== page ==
Remember that dust-up several years ago when it was discovered Caltrans was not filling potholes or performing other routine maintenance on the 91 freeway linking Orange and Riverside counties? Seems that few other than Caltrans and the Orange County Transportation Authority knew about a non-compete clause that prevented such work because it would make the "free" lanes attractive to drive at the expense of "pay" (and perfectly paved) lanes. The controversy sprang to mind while reading about a survey calling such toll lanes "a proven time-saving next generation highway concept."
HNTB Corp., "an employee-owned infrastructure solutions firm serving public and private owners and construction contractors," boasts about the results of a survey it commissioned showing Americans, and by extension Orange Countians, love the idea of toll lanes being attached to existing "free" lanes. The HNTB's America THINKS survey finds:
- Three in four of Americans (74 percent) would likely use toll lanes if given the opportunity.
- Awareness of "priced-managed lanes" is low among Americans in general (less than 1 in 5, or 17 percent).
- Two in three Americans (68 percent) would pay to save 15 minutes on roads, bridges or tunnels, $5 on average.
- "When told about priced managed lanes," 7 in 10 (70 percent) think they should be considered when making improvements to U.S. highways.
Anyone else wonder what these folks were told?
Matters not, because as HNTB's Matthew Click says, "We can no longer build our way out of congestion" and toll roads have "successfully been piloted, tested and approved by the motoring public in a number of markets, including State Route 91 in Southern California."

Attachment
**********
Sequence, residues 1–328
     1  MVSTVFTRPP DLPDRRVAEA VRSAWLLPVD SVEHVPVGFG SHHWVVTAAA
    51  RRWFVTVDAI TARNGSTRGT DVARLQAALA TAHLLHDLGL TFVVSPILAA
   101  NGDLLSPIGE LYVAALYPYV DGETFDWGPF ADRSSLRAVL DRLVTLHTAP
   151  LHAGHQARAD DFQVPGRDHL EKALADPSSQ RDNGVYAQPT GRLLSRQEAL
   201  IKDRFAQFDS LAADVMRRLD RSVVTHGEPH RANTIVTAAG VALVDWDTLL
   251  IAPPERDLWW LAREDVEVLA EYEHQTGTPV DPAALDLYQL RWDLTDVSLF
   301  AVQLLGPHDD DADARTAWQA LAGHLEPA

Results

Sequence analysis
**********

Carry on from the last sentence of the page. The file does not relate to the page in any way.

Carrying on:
Click concedes some critics have derisively called them "Lexus lanes," his survey shows "nearly 2 in 3 Americans (65 percent) think priced managed lanes are more of a useful option, choosing to use them when needed." The survey-taker's income mattered not in coming to that conclusion.
"There is no elitism," Click says. "A number of studies have shown everyone uses them when necessary. Plus, pulling traffic off general-purpose lanes also helps relieve congestion in those lanes. That means everyone benefits."
Agnes Huff of the private PR company HNTB hired to get media outlets like the Weekly writes in an email, "What's next for Orange County? The introduction of priced managed lanes in Orange County is changing the meaning of 'free' in 'freeway.' While toll roads and bridges are common across the country, having 'freedom of choice' to pay for a congestion-free trip is gaining support from motorists."
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In my email reply, I asked why no questions to survey-takers were crafted around the no-compete clause controversy and who exactly is left holding the tar bag if revenue and ridership projections are not met.
"Thank you for your response and your comments," she wrote back. "If you are interested in addressing the current OC situation and the issues you mentioned, I can work to arrange a phone call for you with HNTB's Matt Click, so you can speak with him about the current issues and how the survey results may relate to the residents of Orange County."
I would but am afraid once Click was done with my I'd price manage myself right into Stepford.